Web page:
TWO million of them went into circulation to celebrate Her Majesty’s reaching the landmark of 60 years on the throne.
Four images of the Queen during her reign adorned the £10 commemorative note issued by the Royal Bank of Scotland to mark her Diamond Jubilee.
But such was their popularity that they were quickly being snapped up by collectors as far afield as Hong Kong, Australia and the United States.
Now it has emerged that the very first note printed in the run could already be worth £500.
Auctioneers have slapped the valuation on the RBS note with the serial number 0000001 ahead of hundreds of rare notes going under the hammer in London on Thursday.
Among the features on the note - which includes pictures of the Queen taken at Epsom Racecourse and Balmoral Castle - are the official crown emblem of the Diamond Jubilee and an engraving of a window in Holyrood Abbey, next to the royal palace in Edinburgh.
RBS has donated dozens of rare notes from its own archives for the sale in the hope of raising more than £10,000 for charity.
They include special edition Diamond Jubilee notes printed for official RBS sponsors like the Scottish Rugby Union and Scottish Golf Union, as well as the National Museum of Scotland.
Other RBS-donated lots include two £100 notes with consecutive serial numbers which were issued by the National Commercial Bank of Scotland in 1959 - a decade before its merger with the bank.
A complete set of £1 RBS notes stretching from 1951-1964 will be sold off as well as three £5 notes which have mismatched serial numbers and were classified as being printed in error.
RBS said it had chosen to back the Queen Elizabeth Diamond Jubilee Trust charity thanks to royal connections stretching back almost 300 years to its origins, when George I signed the charter that sanctioned its creation and it was the only bank given permission for a special Diamond Jubilee note.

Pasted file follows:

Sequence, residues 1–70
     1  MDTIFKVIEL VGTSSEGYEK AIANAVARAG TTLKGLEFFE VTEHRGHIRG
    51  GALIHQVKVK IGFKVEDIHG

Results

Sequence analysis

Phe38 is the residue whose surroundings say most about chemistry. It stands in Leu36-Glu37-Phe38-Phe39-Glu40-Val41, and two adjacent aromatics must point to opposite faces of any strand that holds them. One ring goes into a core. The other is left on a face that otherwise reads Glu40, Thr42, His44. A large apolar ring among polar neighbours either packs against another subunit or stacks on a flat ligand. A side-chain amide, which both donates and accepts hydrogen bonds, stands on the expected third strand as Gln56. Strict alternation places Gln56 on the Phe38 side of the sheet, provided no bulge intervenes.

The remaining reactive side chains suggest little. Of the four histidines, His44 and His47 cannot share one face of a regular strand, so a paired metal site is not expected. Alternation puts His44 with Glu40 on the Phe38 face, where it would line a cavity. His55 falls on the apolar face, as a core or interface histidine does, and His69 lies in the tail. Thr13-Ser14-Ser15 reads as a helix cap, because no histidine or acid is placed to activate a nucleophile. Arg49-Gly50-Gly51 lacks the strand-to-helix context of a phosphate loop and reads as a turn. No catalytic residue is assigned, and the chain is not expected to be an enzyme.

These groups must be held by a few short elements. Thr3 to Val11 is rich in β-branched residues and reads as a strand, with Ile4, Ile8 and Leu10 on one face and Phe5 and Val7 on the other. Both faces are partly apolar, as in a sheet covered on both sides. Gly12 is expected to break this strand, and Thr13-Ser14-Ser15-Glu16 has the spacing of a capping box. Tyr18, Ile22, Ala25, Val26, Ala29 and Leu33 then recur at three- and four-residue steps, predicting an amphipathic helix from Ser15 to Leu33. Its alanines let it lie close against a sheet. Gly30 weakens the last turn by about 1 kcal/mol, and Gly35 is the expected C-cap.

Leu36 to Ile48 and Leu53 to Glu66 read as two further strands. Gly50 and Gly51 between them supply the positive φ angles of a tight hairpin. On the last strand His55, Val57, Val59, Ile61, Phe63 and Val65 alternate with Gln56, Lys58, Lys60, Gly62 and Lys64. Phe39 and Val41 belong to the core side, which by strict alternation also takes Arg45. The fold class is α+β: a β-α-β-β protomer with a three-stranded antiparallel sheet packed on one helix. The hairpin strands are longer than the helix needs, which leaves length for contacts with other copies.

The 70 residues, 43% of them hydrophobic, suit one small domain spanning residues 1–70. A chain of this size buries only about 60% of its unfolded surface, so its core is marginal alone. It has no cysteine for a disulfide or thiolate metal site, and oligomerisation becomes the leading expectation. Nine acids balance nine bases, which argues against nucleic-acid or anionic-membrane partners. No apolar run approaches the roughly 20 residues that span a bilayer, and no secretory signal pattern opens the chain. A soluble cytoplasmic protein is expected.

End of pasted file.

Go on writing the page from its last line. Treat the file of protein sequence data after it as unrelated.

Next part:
Chairman Philip Hampton said: “RBS was founded by royal charter in 1727 and has a long-standing connection with royalty. We have a tradition of issuing notes to commemorate royal celebrations so we’re delighted that we were able to donate a number of our commemorative and rare notes to the Queen Elizabeth Diamond Jubilee Trust.”
Sir John Major, chairman of the trust, said: “This is an enormously generous gesture and very much appreciated.
“The trust has been set up to pay tribute to the Queen and her 60 years of dedication to the Commonwealth. We intend to use the funds we raise primarily to remove the curse of avoidable blindness across the Commonwealth.
“Many people – who will never know the names of the benefactors – will find their lives revolutionised by the generosity of donors to the trust.”
Other Scottish notes coming under the hammer include a 10 shilling Bank of Scotland note, which is expected to fetch up to £400, and a Clydesdale bank £1 note from 1914, valued at up to £200.
Bank note expert Iain Harrison said: “The thing that makes bank notes so special is that you can be pretty confident their value is never actually going to go down.
“Scottish banknotes seem to do really well at these sales because so many notes have been isued in Scotland. At one time in the 1940s and 1950s there were actually eight different banks printing notes.
“The thing about the RBS lots going up is that it is very rare to be able to buy a set of notes, such as the three that have flaws in them, or the collection of £1 notes.”
Barnaby Faull, director of banknotes at Spink auction house, which is hosting the sale on Thursday, said: ”There has been overwhelming interest in the RBS notes in the run up to the auction, so we’re expecting them to raise lots of money for this good cause.”